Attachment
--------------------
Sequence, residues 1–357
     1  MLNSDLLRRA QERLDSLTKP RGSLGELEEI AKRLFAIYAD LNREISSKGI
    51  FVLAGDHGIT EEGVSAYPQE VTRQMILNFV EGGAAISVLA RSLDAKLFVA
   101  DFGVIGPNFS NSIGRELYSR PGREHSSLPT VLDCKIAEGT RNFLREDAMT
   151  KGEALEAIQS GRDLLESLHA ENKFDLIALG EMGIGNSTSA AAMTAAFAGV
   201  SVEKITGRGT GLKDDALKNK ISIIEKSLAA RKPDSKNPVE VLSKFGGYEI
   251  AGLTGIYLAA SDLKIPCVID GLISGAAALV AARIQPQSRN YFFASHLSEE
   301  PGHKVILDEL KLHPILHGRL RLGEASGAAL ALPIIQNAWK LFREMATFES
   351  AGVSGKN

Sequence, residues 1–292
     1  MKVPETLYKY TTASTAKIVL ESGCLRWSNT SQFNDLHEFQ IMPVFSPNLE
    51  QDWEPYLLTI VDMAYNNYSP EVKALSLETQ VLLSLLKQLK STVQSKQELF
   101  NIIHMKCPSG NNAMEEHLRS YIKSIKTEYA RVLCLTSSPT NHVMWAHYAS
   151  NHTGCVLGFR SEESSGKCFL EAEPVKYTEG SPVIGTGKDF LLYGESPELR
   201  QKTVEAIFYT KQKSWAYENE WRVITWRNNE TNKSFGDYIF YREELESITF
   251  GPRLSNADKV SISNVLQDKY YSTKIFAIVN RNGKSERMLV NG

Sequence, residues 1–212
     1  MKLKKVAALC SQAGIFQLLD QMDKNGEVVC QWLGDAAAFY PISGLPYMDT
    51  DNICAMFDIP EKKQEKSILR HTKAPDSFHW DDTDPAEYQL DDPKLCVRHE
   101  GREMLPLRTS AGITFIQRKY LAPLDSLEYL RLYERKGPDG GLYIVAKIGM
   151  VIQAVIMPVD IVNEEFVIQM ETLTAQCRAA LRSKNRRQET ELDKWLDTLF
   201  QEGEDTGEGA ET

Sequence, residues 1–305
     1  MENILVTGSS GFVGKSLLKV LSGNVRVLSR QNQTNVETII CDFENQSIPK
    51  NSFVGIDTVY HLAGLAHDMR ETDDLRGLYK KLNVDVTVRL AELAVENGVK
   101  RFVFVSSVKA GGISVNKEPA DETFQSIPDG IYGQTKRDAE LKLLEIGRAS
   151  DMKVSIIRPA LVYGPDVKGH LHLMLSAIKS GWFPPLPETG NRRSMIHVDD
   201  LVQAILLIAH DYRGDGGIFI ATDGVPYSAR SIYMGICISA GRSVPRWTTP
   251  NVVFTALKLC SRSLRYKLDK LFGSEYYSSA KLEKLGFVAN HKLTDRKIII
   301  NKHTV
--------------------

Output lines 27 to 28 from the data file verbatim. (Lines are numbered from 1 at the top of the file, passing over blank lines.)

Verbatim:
   151  DMKVSIIRPA LVYGPDVKGH LHLMLSAIKS GWFPPLPETG NRRSMIHVDD
   201  LVQAILLIAH DYRGDGGIFI ATDGVPYSAR SIYMGICISA GRSVPRWTTP